I have a diverse taste in food; I eat almost anything. One of the reasons of my visit to Japan is to have a taste of it. Haha! It's not that I love Japanese food (it's kinda expensive at where I live) but I think that their food reveals alot about their culture. Somehow I got to taste their weirdness with their food. Kidding!
Nishiki Market offers a variety of traditional foods of Kyoto - dishes range from pickled vegetables, candies, fresh veggies and seafoods, and seasoned specialties. There are also a number of restaurants and souvenir shops; I bought my woodblock prints here.
What I like about some of the food stalls is that they offer free samples. If you're hungry and doesn't have any spare yen, try all their samples. I only tried those that I think are acceptable to my taste buds. Don't forget to say "Arigatou gozaimasu".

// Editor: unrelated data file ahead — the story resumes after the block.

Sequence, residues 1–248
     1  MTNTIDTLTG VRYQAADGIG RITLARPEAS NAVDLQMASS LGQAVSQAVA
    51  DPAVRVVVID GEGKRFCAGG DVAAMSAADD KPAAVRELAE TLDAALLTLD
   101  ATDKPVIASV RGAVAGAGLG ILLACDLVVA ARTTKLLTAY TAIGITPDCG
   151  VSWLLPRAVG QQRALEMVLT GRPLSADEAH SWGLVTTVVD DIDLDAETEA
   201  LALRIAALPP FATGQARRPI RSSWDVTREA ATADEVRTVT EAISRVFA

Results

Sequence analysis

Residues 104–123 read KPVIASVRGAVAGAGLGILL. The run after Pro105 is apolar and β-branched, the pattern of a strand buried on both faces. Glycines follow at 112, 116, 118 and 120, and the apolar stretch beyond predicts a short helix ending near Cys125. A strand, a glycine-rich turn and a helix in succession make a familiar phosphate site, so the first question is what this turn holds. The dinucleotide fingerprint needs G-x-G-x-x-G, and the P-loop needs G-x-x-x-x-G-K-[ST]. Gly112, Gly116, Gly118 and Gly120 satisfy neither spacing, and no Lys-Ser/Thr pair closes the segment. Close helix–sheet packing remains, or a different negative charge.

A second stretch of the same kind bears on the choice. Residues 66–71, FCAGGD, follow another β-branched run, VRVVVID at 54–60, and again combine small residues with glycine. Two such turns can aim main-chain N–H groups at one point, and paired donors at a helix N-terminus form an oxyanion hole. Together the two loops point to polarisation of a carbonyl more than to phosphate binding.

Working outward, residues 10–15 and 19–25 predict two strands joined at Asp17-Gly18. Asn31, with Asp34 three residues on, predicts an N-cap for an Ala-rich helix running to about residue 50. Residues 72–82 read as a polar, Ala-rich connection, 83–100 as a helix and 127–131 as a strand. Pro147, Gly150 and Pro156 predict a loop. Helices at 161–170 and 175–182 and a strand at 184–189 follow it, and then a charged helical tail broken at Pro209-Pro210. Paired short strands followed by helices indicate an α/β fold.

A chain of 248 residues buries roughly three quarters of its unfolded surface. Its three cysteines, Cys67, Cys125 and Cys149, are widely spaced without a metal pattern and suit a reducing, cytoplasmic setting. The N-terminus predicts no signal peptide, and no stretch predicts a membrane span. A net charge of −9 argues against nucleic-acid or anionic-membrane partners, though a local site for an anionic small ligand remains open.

|Fish produce. I didn't try this one, looks weird.|
|Small octopus with a quail egg.|
|Sweets. Nicely wrapped.|
|Plastic foods. Looks real eh?|
|I don't know how do they call this but it's delicious.|
|Fresh from the sea. :D|
|Fresh from the farm,|
I admire how clean the stores are and how the foods are wonderfully arranged and presented. This tells a lot about Japanese: they value their traditions, they have a high standard on cleanliness and their foods are carefully prepared.
How to get there:
It's a 5-10 minute walk from Hankyu Kawaramachi Station, just along the Shijo Street.
Just in case you're interested, I bought my woodblock prints at Daishodo store. It is along the Teramachi Shopping arcade. They have antique books, art books and woodblock prints - price ranges from 500 - 500,000 yen. :)
There was no other customer when I entered the shop and the store keeper didn't even bother to get up from his desk and continue to sit quietly doing his own thing. I wandered around slowly, admiring the art works displayed where some are dated a long time ago. I have to say, the artworks are amazing.